Viewed through this lens, what in the platform of Bernie Sanders is properly socialist? Take single payer health insurance, where the government serves the role typically held by insurance companies, and where progressive taxes help alleviate the burden of paying for care faced by the poor. I support this policy wholeheartedly. But it is not a socialist alternative to health care. “The government pays money for what the people need” is not socialist in general, but rather simply welfare liberalism, as it preserves the role of currency exchange and profit in the first place. A real socialist alternative would be to socialize the health care industry entirely, and have doctors and hospitals provide services based on human need rather than the dictates of the profit model. I don’t think socialized health care is plausible in the short term, and I will take a single-payer system over our current one in a heartbeat. But we should not confuse a single-payer system for a true socialist alternative, just as we should not confuse government-funded college education for a socialized system where education is provided based on need and not on a market mechanism.
If socialism has now been rendered into a vague sense of “lefter than the average Democrat,” then communism and Marxism have been reduced to empty iconography. The philosophical literature of Marxism is vast; indeed, arguably no political tendency has ever produced a denser body of philosophy. The essential elements of Marx’s system are encapsulated in the Communist Manifesto: a revolutionary socialism that wins power through the struggle of the working class against the rentier class, which results in a post-capitalist, post-state society defined by mutual need and organized into decentralized democratic bodies that act according to the needs of the proletariat. The philosophy is materialist, atheist, anti-capitalist, and in fact anti-statist, though communism is often associated with a vast state apparatus, thanks to the shadow of the Soviet Union. But the word “commune” appears in “communism” for a reason, and it does not do leftists any favors to equate communism with the failed, false version that was advanced in the Soviet state. We should expect leftists to do a better job of representing the most influential school of left-wing politics of all.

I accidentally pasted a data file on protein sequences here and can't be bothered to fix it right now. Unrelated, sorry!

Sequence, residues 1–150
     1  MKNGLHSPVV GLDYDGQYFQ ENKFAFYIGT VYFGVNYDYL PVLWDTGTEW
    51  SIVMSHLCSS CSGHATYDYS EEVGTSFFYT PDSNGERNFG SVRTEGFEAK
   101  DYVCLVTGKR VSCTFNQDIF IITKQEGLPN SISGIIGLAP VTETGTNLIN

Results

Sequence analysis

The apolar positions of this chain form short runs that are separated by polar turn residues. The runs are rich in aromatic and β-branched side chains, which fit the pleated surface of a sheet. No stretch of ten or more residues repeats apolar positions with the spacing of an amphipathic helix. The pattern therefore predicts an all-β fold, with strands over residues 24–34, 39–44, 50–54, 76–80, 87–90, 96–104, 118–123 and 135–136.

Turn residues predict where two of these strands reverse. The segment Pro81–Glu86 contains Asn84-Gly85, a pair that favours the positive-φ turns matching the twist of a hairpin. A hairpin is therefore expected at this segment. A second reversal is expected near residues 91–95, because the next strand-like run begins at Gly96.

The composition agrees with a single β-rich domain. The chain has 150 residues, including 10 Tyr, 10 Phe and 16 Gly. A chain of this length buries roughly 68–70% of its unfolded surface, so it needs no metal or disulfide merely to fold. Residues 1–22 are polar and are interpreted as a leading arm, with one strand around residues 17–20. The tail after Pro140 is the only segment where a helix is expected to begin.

Yet today basic tenets of the philosophy seem almost entirely disconnected from the public understanding of Marxism, which often includes little more than Cold War iconography and vague notions of radical leftism, unmoored from an explicit political theory. Marxism is a philosophical and historical project, and one can be a Marxist without advancing revolutionary approaches to economic change. There are, after all, many reformist Marxist schools, and I am not convinced by traditional Marxist teleology that the dictatorship of the proletariat is inevitable. Big-tent Marxism is fine. But communism is a very specific political project, and its symbol is the hammer and sickle, and I see no reason why those who do not advocate for revolutionary socialism according to a strict interpretation of that philosophy are so casual in its use. What is the value of debasing that symbol by treating it as a vague signifier of “left of Democrat”?
What are we to make, for example, of this New York Times editorial by the founder of the socialist journal Jacobin, Bhaskar Sunkara? The essay discusses the Bolshevik revolution of a hundred years ago, describes some possible futures, and advances a vision of progress that is little more than the kind of social democrat capitalist state that has existed for decades in the Scandinavian countries. Sunkara is convincing in articulating the dreadful potential futures of right-wing ethnonationalism and Singapore-style “managed democracy,” where an unaccountable elite rules by expertise and acts in the favor of the wealthy. But his alternative does not look very different from a more humane, more nurturing liberal capitalist state. That he makes this argument under a graphic of the hammer and sickle and with an image of Bolshevik soldiers attached makes the loss of meaning of Marxism even clearer. This slippage can be seen not just in Sunkara’s essay but in the journal he founded as well, which is often discussed as the most prominent Marxist publication in print, but which publishes mostly essays calling for social democratic capitalist reforms.